The eurozone’s body for dealing with failing banks said on Tuesday it was in close contact with Greek regulators as the country’s banks face tough times.
“Greek banks are living in a challenging economic environment,” Elke Koenig, chairman of the Single Resolution Board (RRB), told the European Parliament.
“But the promising part of that is they have a very engaged and very active resolution team. We are in close contact with our Greek colleagues,” she added.
From January 2016, the SRB will be responsible for dealing with any failures among the eurozone’s top 150 lenders.
Greek banks were some of the biggest decliners among European equities on Monday and suffered deposit outflows of about 400 million euros ($449 million) as the pace of daily withdrawals picked up from last week, bankers said.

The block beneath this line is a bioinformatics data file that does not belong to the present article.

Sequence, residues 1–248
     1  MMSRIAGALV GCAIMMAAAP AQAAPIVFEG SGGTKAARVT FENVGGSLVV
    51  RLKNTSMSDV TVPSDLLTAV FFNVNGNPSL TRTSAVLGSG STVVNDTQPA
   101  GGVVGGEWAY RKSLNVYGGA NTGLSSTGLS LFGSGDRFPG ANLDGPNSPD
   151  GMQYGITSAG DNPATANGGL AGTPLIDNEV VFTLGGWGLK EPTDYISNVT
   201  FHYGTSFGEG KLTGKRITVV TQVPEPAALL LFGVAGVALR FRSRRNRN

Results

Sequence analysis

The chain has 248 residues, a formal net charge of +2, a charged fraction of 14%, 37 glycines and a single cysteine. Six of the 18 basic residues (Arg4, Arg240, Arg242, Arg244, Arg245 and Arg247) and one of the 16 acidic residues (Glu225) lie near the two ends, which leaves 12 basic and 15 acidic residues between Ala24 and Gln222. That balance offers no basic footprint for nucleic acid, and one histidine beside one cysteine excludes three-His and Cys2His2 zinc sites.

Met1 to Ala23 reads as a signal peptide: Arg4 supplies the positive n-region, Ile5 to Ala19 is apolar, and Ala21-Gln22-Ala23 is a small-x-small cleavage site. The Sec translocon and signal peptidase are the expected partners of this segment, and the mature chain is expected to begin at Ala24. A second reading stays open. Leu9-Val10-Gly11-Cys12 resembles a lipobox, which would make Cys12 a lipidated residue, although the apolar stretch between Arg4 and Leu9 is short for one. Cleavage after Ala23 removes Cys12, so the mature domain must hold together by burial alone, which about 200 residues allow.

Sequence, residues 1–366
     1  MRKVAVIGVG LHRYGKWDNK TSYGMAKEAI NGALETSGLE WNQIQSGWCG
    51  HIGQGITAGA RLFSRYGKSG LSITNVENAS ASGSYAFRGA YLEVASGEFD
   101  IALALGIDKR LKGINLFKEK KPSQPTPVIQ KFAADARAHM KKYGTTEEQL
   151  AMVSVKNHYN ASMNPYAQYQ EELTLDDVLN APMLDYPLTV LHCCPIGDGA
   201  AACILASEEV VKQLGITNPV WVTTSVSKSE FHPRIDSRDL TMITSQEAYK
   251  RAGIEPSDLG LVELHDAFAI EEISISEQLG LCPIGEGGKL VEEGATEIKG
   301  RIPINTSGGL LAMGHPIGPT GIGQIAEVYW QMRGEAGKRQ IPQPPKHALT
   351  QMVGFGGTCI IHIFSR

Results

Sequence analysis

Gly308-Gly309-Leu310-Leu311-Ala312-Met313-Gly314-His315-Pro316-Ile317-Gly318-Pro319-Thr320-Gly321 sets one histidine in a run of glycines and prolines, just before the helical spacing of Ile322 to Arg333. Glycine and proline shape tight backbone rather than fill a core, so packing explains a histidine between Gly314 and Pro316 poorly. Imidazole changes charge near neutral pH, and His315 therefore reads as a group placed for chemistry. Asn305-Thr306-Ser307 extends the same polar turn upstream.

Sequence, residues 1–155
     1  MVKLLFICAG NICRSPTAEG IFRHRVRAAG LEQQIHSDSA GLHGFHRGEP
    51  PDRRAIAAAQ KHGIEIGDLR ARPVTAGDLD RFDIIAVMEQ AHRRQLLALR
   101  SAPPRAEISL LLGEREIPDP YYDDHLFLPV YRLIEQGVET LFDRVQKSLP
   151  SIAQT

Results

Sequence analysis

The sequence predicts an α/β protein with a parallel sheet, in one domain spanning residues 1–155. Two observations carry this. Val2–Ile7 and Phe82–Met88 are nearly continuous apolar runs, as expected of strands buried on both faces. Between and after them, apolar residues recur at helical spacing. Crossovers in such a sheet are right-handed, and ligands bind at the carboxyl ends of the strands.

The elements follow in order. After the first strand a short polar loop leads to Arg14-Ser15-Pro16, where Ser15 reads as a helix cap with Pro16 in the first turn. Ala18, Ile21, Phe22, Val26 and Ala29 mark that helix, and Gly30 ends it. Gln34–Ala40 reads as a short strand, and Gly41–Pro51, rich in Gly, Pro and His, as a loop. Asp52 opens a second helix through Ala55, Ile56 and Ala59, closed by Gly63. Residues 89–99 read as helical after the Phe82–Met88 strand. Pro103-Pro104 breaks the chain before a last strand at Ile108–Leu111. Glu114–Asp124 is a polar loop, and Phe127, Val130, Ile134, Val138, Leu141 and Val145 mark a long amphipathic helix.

Koenig said the Greek authorities are responsible for dealing with any national banking failure during 2015 though the SRB will be in charge of any collapses among the top four Greek banks from 2016.
Last week rating agency Standard & Poor’s cut its ratings on several banks across Europe but Koenig said she was “not concerned” about this.
The downgrade reflected a belief at the rating agency that governments won’t be willing to bail out banks if they get into trouble, she said.
“It’s reflecting they really believe in bail-in,” Koenig said, referring to new rules that force a bank to hold bigger capital and debt cushions to shield taxpayers from having to intervene in a crisis.